Volume VII, Number 1 | April 2023

Diagnosing Infrapatellar Fat Pad Impingement with Intra-articular Anesthetic Injection

1Beckett D, 2Cornejo Ochoa C, 3Davidson M
1Western University , Lebanon, OR, United states; 2Western University, Lebenon, OR, United States; 3Advantage Orthopedics and Sports Medicine, Gresham, OR, United States

The infrapatellar fat pad (IFP) is one of three extra synovial fat pads in the anterior knee that can cause pain when impinged due to its dense nerve supply (1). Diagnosing IFP impingement can be difficult, and a few testing modalities may be utilized to make a clinical diagnosis. In our patient’s case, the diagnosis of IFP impingement was made with infrapatellar edema shown in the MRI, a positive Hoffa’s test, and pain relief after intra-articular lidocaine injection. Lack of familiarity and low prevalence may result in cases remaining under-detected.

This case report presents bilateral IFP impingement diagnosis for a former baseball player who presented with bilateral knee pain for five years.

After reviewing knee MRIs, a therapeutic injection was performed to confirm the diagnosis. A mixture of 4mL 1% lidocaine, 4mL 0.25% Marcaine, and 40 mg Depo-Medrol was used and injected superolaterally. Post injection, the patient experienced complete pain relief with no tenderness to palpation and a negative Hoffa’s test. This helped localize the etiology of the patients’ pain and led to the clinical decision to arthroscopically resect the IFP.

The primary purpose of this case study was to report the effectiveness of using intra-articular joint injections as a diagnostic tool for IFP impingement and to guide the decision-making process of surgical intervention. The patient’s presentation consisting of a normal knee examination, except for a positive Hoffa’s test, with complete resolution of pain following intra-articular injection with local anesthetic ultimately led to the decision to proceed with resection of the IFP.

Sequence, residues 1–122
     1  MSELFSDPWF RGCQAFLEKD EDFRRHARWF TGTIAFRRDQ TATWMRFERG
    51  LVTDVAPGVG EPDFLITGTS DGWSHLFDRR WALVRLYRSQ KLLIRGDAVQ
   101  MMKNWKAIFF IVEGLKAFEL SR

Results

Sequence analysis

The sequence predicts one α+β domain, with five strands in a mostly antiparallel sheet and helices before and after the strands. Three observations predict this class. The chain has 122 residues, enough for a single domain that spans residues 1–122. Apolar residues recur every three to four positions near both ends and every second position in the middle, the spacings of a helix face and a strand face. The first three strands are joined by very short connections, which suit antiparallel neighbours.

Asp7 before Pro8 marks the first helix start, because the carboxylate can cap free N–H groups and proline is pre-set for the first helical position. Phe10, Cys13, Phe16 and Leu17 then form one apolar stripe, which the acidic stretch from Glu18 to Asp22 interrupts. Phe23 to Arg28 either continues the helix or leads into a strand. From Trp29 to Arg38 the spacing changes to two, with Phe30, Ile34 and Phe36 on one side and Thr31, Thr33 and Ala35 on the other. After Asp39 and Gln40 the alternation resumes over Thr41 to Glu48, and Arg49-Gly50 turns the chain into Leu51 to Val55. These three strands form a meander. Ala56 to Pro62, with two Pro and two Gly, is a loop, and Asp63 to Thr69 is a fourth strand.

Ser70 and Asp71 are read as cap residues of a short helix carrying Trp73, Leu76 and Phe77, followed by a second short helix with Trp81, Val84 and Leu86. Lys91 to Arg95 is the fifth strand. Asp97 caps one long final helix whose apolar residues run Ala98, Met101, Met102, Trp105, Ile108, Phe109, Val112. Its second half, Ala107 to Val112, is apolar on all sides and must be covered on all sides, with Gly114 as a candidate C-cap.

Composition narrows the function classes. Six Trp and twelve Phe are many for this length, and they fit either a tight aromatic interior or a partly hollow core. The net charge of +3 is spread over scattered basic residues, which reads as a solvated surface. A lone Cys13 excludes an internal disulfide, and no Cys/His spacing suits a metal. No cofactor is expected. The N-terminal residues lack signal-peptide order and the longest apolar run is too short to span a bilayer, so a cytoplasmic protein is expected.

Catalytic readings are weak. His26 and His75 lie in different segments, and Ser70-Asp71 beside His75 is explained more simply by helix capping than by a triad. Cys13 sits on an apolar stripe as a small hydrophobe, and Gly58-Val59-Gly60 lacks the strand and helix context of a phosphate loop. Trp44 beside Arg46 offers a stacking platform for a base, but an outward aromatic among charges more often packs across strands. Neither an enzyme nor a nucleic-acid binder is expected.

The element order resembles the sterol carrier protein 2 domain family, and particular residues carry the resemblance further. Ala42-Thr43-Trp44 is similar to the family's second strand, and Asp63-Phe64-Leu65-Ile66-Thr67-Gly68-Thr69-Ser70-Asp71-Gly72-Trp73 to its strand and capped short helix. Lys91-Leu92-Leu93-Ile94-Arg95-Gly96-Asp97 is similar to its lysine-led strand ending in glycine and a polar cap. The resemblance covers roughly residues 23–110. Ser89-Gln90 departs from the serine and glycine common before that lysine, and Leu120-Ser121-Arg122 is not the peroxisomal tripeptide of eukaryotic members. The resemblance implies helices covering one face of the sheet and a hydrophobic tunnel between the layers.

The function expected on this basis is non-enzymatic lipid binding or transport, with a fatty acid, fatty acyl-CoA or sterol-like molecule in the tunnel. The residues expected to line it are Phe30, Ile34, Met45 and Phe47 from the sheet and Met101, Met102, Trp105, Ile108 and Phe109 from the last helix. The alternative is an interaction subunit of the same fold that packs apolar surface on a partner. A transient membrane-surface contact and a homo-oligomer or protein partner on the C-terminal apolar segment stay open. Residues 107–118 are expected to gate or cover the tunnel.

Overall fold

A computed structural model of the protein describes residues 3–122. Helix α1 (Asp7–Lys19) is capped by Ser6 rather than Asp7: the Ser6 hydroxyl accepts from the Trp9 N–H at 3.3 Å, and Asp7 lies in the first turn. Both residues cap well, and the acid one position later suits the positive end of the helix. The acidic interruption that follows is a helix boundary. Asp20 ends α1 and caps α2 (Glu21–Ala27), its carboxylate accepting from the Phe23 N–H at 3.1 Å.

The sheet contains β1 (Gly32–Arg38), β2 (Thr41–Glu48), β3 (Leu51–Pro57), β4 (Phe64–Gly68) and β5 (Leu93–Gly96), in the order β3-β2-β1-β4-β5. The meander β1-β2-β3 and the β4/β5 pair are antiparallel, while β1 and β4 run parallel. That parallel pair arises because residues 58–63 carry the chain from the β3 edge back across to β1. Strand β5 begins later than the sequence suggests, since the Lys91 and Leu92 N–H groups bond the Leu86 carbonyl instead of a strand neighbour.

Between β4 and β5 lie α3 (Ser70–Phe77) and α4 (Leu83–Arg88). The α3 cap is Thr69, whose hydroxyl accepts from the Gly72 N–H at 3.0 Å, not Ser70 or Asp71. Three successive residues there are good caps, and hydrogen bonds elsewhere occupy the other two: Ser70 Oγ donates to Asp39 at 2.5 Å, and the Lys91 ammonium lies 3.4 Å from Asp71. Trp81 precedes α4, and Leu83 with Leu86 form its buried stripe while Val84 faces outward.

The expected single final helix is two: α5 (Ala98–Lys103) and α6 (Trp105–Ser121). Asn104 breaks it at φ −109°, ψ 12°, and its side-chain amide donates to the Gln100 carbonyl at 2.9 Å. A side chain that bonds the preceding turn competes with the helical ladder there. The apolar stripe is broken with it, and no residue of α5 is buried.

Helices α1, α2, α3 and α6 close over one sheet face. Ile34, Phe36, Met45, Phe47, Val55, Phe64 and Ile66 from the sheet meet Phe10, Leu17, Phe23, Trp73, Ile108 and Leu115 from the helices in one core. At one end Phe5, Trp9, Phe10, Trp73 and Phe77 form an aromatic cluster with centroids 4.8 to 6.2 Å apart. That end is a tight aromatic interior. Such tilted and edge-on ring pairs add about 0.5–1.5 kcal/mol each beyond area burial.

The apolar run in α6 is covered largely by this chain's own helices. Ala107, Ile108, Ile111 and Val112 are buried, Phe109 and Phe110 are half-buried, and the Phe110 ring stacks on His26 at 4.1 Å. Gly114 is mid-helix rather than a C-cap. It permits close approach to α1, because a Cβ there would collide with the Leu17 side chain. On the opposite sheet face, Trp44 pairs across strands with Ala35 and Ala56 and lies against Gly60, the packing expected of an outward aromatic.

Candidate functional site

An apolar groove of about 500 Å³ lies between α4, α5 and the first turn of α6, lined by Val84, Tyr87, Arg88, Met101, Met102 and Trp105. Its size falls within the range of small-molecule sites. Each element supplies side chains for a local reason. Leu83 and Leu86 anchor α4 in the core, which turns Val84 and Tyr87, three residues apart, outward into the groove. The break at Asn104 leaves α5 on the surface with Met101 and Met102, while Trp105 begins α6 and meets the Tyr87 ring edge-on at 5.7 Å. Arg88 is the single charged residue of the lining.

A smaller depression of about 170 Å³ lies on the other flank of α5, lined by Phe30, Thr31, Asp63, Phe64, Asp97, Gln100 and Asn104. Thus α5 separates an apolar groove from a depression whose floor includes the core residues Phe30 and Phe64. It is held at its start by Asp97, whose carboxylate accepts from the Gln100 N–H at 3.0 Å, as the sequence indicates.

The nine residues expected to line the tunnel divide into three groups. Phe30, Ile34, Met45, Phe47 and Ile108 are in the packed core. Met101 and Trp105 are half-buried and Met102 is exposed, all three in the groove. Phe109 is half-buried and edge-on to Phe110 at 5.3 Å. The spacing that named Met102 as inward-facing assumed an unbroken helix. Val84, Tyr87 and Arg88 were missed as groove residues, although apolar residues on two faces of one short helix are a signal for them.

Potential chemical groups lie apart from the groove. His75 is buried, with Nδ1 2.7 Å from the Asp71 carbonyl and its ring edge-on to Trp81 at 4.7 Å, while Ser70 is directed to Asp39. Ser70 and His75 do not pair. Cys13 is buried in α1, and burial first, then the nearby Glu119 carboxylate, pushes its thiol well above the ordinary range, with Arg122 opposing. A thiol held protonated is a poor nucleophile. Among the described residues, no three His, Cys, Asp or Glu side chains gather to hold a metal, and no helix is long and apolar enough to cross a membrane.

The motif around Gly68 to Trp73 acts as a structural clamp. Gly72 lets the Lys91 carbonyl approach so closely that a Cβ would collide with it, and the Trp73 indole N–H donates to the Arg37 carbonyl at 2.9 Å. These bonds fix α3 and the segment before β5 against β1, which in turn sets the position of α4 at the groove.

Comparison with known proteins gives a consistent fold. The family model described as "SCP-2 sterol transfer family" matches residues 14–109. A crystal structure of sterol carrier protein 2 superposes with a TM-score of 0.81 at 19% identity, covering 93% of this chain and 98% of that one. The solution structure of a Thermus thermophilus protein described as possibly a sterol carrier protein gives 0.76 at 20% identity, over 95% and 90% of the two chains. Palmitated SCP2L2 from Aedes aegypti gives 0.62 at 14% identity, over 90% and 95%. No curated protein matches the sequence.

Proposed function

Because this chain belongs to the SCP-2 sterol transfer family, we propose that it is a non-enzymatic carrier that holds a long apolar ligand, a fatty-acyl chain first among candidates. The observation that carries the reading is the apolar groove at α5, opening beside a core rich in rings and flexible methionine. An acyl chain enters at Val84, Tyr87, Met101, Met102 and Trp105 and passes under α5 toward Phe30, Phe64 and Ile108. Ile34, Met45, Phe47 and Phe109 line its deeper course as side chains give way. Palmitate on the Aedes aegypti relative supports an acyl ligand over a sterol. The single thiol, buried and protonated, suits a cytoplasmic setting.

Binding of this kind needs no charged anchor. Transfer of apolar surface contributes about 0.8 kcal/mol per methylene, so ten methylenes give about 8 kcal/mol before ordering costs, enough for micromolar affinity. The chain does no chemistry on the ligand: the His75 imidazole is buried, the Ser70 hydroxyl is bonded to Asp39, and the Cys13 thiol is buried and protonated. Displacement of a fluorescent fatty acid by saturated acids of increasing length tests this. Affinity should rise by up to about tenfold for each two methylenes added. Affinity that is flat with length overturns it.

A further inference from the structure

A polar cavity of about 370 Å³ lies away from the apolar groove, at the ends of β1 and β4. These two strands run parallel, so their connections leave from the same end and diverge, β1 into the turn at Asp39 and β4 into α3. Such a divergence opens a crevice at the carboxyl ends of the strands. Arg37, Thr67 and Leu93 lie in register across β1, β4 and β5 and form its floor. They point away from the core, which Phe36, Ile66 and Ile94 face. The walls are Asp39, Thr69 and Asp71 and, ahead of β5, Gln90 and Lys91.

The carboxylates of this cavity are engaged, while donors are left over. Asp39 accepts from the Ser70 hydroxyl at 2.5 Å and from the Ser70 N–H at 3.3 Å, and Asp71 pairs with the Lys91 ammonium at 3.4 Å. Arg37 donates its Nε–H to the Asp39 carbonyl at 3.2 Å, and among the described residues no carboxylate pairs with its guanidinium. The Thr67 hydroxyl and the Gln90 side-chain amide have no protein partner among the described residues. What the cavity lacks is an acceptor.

One study showed that while MRIs can be used to aid diagnose IFP impingement, they are not sensitive nor specific for IFP impingement (2). Patients in the study above also presented with sharp anterior knee pain, positive Hoffa’s tests, and pain relief with lidocaine injections. These findings suggest that clinicians consider IFP impingement as a differential when patients present with anterior knee pain, a positive Hoffa’s test, and relief after local anesthetic injection.

Diagnosing IFP impingement can be challenging due to similar clinical presentation to other conditions. Our patient’s bilateral chronic IFP impingement was diagnosed by physical exam, MRI, and intra- articular joint injection. Medial to lateral arthroscopic fat pad excision was ultimately chosen as the optimal treatment because of the chronicity of the patient’s condition and the failure of non-operative modalities to provide lasting relief. Intra-articular local anesthetic injections and Hoffa’s test are valuable tools that can be useful in diagnosing IFP impingement.

  1. Gallagher, J., Tierney, P., Murray, P. et al. The infrapatellar fat pad: anatomy and clinical correlations. Knee Surg Sports Traumatol Arthrosc 13, 268–272 (2005). https://doi.org/10.1007/s00167-004-0592-7
  2. Kim YM, Joo YB. Arthroscopic treatment of infrapatellar fat pad impingement between the patella and femoral trochlea: Comparison of the clinical outcomes of partial and subtotal resection. Knee Surg Relat Res. 2019;31(1):54-60. doi:10.5792/ksrr.18.026
The Journal of the American Osteopathic Academy of Orthopedics

Steven J. Heithoff, DO, FAOAO

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